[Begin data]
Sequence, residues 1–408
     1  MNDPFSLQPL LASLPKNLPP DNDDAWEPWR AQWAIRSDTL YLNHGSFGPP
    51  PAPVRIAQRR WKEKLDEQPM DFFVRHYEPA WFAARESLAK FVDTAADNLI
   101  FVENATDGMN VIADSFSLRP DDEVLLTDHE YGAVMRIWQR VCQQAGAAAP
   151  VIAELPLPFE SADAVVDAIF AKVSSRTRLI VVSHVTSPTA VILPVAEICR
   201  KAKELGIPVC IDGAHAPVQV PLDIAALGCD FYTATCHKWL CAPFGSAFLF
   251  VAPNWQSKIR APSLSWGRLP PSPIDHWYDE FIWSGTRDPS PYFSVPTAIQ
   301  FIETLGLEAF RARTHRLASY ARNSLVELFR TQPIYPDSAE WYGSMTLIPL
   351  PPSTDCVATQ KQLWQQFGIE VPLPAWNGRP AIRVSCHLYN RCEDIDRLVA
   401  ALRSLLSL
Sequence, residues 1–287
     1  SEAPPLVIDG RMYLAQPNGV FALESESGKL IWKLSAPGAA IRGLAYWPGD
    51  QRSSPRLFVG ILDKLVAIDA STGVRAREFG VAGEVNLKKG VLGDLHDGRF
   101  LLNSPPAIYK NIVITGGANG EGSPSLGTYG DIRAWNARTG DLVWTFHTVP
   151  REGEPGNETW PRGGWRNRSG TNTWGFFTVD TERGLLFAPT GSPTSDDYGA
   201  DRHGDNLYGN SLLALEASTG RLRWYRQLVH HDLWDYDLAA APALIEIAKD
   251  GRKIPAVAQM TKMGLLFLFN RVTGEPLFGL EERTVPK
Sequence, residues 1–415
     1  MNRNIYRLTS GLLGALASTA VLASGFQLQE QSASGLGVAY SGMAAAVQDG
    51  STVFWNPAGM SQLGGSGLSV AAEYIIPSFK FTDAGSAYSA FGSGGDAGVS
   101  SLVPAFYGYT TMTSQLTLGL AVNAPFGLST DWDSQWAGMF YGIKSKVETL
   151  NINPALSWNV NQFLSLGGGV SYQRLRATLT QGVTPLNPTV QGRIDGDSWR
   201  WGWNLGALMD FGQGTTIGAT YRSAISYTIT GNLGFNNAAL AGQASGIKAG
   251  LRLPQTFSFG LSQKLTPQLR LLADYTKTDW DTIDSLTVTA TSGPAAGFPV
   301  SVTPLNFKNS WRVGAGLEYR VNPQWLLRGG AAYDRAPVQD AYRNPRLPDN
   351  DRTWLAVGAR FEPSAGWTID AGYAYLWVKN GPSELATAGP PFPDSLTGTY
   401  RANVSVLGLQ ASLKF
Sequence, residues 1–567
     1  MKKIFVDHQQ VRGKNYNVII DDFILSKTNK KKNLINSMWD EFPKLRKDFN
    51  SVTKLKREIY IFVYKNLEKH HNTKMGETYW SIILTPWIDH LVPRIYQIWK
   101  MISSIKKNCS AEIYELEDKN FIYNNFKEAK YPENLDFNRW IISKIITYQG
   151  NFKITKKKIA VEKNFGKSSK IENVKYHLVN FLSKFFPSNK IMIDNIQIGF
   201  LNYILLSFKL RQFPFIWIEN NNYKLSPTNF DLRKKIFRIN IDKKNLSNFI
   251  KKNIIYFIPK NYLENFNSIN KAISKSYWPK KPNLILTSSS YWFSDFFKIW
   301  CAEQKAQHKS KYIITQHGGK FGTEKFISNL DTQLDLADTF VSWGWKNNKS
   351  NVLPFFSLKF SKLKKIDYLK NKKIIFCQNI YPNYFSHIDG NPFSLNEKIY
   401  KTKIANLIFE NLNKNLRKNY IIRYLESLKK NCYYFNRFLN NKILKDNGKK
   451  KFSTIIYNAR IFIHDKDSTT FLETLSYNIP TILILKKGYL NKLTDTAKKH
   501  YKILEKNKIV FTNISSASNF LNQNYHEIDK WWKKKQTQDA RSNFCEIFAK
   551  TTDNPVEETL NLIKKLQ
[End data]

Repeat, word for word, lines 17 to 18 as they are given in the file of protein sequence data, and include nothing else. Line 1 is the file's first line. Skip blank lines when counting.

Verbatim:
   251  GRKIPAVAQM TKMGLLFLFN RVTGEPLFGL EERTVPK
Sequence, residues 1–415